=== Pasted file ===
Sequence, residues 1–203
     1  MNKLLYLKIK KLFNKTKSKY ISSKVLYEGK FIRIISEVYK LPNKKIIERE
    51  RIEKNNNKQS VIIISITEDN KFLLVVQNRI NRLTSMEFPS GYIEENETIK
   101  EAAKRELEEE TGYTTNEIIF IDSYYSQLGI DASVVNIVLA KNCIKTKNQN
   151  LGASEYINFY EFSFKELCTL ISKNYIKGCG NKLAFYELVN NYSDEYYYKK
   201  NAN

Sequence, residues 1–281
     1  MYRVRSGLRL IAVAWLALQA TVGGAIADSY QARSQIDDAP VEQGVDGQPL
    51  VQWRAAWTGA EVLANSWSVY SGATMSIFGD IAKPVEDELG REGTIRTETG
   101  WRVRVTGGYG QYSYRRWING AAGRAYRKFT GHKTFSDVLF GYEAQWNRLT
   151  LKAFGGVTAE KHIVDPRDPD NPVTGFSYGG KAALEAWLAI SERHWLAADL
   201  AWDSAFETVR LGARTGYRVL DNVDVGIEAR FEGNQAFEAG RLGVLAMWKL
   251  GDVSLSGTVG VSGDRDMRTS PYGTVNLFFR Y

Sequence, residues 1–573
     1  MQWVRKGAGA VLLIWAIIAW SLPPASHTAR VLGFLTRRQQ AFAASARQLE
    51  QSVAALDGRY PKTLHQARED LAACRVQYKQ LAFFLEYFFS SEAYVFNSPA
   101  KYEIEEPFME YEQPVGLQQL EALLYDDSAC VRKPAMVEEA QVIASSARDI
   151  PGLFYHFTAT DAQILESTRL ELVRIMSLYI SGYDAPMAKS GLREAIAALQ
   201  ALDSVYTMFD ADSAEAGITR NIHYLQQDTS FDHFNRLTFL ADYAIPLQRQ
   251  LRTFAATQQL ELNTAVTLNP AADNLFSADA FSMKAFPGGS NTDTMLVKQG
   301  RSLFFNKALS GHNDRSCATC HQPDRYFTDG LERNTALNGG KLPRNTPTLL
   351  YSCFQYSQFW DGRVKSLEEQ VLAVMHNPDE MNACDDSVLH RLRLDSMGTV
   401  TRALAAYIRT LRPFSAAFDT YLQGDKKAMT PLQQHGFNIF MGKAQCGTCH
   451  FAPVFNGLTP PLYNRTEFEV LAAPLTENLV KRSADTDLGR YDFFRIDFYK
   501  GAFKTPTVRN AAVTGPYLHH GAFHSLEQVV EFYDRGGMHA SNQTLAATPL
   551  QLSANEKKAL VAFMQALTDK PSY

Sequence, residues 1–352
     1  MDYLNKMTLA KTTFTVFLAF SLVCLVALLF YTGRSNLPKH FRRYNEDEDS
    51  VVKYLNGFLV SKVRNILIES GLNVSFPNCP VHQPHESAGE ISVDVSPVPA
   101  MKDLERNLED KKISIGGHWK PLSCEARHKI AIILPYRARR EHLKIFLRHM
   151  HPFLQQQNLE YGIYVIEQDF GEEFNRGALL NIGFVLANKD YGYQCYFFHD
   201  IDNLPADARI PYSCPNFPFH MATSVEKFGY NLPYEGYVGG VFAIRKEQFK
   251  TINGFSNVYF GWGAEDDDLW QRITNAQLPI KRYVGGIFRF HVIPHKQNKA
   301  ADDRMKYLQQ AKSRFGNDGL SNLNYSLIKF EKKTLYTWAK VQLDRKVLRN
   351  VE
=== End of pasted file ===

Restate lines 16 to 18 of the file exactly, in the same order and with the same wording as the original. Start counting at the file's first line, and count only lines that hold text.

    51  QSVAALDGRY PKTLHQARED LAACRVQYKQ LAFFLEYFFS SEAYVFNSPA
   101  KYEIEEPFME YEQPVGLQQL EALLYDDSAC VRKPAMVEEA QVIASSARDI
   151  PGLFYHFTAT DAQILESTRL ELVRIMSLYI SGYDAPMAKS GLREAIAALQ